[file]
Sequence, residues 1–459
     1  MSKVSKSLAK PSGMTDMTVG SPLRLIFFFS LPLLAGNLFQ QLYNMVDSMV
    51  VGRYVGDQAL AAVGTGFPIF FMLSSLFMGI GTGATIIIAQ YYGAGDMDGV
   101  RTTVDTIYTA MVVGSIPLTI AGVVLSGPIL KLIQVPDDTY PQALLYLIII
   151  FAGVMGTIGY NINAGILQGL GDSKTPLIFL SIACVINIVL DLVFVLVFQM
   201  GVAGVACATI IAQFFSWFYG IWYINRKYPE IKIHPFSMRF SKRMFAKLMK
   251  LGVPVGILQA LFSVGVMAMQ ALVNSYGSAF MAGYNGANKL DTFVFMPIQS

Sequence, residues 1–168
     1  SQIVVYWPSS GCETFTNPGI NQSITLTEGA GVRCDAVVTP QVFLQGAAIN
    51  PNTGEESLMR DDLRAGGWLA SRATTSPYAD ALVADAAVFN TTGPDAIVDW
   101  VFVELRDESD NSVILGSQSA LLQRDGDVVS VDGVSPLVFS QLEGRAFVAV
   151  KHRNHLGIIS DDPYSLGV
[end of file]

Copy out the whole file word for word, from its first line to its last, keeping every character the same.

Sequence, residues 1–459
     1  MSKVSKSLAK PSGMTDMTVG SPLRLIFFFS LPLLAGNLFQ QLYNMVDSMV
    51  VGRYVGDQAL AAVGTGFPIF FMLSSLFMGI GTGATIIIAQ YYGAGDMDGV
   101  RTTVDTIYTA MVVGSIPLTI AGVVLSGPIL KLIQVPDDTY PQALLYLIII
   151  FAGVMGTIGY NINAGILQGL GDSKTPLIFL SIACVINIVL DLVFVLVFQM
   201  GVAGVACATI IAQFFSWFYG IWYINRKYPE IKIHPFSMRF SKRMFAKLMK
   251  LGVPVGILQA LFSVGVMAMQ ALVNSYGSAF MAGYNGANKL DTFVFMPIQS

Sequence, residues 1–168
     1  SQIVVYWPSS GCETFTNPGI NQSITLTEGA GVRCDAVVTP QVFLQGAAIN
    51  PNTGEESLMR DDLRAGGWLA SRATTSPYAD ALVADAAVFN TTGPDAIVDW
   101  VFVELRDESD NSVILGSQSA LLQRDGDVVS VDGVSPLVFS QLEGRAFVAV
   151  KHRNHLGIIS DDPYSLGV